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Could shale gas shake up the European gas market?

By Alex Froley

November 24, 2009 - In June 2009 the US Potential Gas Committee reported a 39% increase in potential US gas resources from its 2006 to its 2008 survey, a massive increase helping to overturn fears of dwindling reserves and increased import dependency. (See chart: US gas resource base jumps 39% between 2006 & 2008).

The new resource base figure of 1,836 trillion cubic feet (52 trillion cubic meters) was the highest resource evaluation in the committee's 44 year history.

And most of the increase came from the re-evaluation of shale gas plays, the committee said. Shale gas now made up 616 Tcf (one third) of the total resource base.

"New and advanced exploration, well drilling and completion technologies are allowing us increasingly better access to domestic gas resources--especially 'unconventional' gas--which, not all that long ago, were considered impractical or uneconomical to pursue," said John Curtis, Professor of Geology and Geological Engineering at the Colorado School of Mines, and director of the Potential Gas Agency.

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"Our present assessment demonstrates an exceptionally strong and optimistic gas supply picture for the nation," Professor Curtis said. So could reappraisal of Europe's shales result in a similar massive boost to resource estimates?

A 39% boost to domestic resources would be welcomed by a continent still questioning the reliability of gas in the wake of the major Russia/Ukraine gas transport dispute at the start of the year.

At the 14th International Gas and Electricity Summit in Paris in October senior European gas industry figures were generally cautious.

That surprised Charif Souki, chairman and CEO of US-based liquefied natural gas terminal developer Cheniere Energy. "Those are the same speeches I heard in the US," Souki said. "Non-conventional reserves do exist and will be produced, it's just a question of price." (See chart: Gas price divergence, January 2006 - December 2009 (Eur/MWh)).

Cheniere built the Sabine Pass LNG terminal in the US, on the border of Texas and Louisiana, expecting the US to import growing volumes of liquefied gas. But Souki said in the future the US might now become an exporter of LNG, such was the effect of shale gas.

ExxonMobil investing in European shale gas

Big companies are now investing money in investigating European shale gas, for example ExxonMobil in Germany.

A company spokeswoman told Platts in November that ExxonMobil's affiliates MEEG and BEB have acquired three licenses for exploration in Lower Saxony, Germany this year, covering nearly two million acres, where it hopes to examine shale gas potential.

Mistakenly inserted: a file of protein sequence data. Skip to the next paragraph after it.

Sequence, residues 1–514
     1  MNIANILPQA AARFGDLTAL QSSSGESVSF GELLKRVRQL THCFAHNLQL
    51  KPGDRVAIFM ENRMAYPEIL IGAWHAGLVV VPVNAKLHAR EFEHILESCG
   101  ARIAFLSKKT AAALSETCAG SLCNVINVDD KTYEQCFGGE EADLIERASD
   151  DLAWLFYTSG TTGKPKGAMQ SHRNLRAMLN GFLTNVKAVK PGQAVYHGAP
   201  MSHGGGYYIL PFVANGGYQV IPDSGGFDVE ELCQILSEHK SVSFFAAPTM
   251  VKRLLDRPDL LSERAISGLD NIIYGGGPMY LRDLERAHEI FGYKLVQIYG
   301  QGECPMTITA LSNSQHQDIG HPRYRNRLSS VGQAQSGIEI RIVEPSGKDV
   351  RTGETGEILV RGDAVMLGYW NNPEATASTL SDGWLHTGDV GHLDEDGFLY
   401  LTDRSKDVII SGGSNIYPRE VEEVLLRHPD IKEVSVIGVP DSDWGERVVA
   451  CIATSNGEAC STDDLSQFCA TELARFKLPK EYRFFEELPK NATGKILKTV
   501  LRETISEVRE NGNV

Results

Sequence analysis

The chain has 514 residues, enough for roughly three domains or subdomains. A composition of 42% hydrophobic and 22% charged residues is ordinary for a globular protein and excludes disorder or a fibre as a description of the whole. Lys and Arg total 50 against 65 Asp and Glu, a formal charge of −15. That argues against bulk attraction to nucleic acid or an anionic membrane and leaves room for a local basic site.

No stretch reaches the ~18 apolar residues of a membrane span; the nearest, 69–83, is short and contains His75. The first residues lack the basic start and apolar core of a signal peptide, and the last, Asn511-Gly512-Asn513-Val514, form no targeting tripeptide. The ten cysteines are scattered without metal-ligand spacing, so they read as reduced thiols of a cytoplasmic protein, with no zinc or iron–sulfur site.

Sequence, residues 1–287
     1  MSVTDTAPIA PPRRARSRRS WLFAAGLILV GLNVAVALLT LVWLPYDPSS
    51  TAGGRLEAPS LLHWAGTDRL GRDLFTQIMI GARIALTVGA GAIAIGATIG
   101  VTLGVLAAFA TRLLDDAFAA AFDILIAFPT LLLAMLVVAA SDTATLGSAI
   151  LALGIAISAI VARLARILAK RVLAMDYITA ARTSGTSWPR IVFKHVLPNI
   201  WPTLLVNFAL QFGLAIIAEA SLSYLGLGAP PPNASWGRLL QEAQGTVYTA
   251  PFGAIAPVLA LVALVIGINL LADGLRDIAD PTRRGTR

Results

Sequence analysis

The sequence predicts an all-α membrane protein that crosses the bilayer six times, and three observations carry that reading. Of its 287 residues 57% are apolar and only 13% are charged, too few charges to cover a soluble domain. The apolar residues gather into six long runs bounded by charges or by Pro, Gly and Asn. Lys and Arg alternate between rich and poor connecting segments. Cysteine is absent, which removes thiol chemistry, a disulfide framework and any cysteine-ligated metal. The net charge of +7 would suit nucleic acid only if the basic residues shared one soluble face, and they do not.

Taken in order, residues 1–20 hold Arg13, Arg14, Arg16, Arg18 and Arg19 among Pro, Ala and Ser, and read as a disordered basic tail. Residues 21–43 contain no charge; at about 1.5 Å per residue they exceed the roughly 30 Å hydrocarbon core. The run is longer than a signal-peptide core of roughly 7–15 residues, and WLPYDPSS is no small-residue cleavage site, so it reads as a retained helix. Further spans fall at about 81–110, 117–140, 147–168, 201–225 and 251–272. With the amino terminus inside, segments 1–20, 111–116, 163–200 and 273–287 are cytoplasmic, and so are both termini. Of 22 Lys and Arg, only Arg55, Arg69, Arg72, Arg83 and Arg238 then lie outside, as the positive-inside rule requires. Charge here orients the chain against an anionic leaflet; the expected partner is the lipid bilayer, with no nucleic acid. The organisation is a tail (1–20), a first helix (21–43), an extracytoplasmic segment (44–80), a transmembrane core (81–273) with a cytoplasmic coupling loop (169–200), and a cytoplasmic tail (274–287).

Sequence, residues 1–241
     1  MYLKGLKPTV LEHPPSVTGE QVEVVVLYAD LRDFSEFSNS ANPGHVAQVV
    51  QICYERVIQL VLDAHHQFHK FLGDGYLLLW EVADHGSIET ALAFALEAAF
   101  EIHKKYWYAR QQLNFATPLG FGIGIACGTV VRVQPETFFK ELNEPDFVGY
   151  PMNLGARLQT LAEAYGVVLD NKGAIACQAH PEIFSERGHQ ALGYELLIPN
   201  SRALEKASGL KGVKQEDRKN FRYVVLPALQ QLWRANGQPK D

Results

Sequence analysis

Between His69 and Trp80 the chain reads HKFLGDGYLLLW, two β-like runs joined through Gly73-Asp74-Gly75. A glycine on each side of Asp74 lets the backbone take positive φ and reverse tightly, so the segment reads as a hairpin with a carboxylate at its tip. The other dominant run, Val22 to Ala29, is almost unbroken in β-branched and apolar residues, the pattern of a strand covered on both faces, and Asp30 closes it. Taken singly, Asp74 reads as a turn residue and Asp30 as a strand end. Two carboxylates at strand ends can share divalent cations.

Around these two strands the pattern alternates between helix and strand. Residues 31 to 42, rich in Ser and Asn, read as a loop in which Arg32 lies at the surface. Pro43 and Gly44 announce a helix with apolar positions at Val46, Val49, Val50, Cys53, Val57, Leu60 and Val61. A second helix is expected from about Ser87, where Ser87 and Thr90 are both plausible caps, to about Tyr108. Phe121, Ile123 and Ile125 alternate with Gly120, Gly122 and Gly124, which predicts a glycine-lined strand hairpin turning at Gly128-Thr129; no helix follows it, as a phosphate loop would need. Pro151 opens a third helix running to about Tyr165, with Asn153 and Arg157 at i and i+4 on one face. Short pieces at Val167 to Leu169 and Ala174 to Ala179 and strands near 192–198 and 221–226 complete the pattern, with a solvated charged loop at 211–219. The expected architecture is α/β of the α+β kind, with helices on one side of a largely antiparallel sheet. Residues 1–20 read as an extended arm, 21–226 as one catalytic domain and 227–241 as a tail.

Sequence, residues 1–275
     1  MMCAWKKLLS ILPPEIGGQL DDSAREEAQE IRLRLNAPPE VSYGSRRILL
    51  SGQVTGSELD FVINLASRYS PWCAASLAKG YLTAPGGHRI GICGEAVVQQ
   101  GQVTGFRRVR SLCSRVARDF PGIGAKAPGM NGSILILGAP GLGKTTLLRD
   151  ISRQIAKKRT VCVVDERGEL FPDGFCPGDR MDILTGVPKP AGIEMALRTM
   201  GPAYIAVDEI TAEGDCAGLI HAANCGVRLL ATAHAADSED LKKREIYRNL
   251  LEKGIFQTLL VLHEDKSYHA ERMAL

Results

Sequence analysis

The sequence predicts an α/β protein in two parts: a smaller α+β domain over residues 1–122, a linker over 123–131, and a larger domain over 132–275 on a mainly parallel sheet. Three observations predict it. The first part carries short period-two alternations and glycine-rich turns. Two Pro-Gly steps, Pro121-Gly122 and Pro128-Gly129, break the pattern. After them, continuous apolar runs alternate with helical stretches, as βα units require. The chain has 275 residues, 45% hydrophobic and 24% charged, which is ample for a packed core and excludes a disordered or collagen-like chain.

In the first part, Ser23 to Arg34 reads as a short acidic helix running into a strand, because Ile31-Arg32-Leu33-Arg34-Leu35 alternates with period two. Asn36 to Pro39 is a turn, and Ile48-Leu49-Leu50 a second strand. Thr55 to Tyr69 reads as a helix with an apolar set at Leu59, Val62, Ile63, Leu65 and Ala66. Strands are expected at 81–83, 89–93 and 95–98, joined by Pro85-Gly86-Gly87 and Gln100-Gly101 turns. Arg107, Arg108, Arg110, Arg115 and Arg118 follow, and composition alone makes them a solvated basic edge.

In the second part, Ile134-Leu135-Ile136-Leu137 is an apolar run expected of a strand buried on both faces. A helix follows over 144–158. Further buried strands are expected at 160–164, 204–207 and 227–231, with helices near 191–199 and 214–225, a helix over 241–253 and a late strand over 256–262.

"Over the next five years, ExxonMobil plans to review existing data and potentially drill and analyze coring wells in the permitted areas," the spokeswoman said.

Tim Cejka, President ExxonMobil Exploration Company, spoke on the subject in a presentation to Houston's Baker Institute in October, available on the internet.

"While unconventional gas has been around for a very long time, technologies just didn't exist until recently to commercially develop this resource," he said.

The challenge of shale gas is that the gas--which is the same as any other gas--is trapped in rocks that have much smaller pore spaces, and much lower permeability, than conventional gas reservoirs.

The pore spaces can be 100 times smaller than the diameter of a human hair, Cejka said. Such unconventional reserves will not flow at a commercial rate without stimulation.

That is normally done by "fracking"--forcing fracture water down into the rock to break down spaces and release the gas. Advances in the technology for doing this in recent years have been behind the massive US resource increase.

Cejka said it was "probably too big" to say shale gas would "revolutionize the global gas market."

But Cejka said increased development of shale resources could "pull people away" from other "more expensive projects" and push those further out into the future.

Onshore shale gas could be much easier to develop than a major new deepwater offshore project. But shale gas has its own challenges.

While a gas well in a Qatari reservoir might produce 150 million cubic feet/day, a shale gas well might produce only 4 or 5 million cu ft/day.

"It just takes a lot more wells," Cejka said. Those low volumes mean that shale gas needs to be "close to the market," he added.

ExxonMobil's strategy, he said, was to "follow the lights," meaning to look for shale gas reserves in well populated areas with established demand. Germany's Lower Saxony region is one such location.

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